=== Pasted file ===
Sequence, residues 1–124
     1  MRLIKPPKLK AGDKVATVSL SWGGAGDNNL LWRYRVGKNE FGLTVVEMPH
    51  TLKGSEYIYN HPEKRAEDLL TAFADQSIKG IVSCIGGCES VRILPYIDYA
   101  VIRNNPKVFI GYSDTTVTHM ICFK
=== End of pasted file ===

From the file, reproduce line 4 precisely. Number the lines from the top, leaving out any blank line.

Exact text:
   101  VIRNNPKVFI GYSDTTVTHM ICFK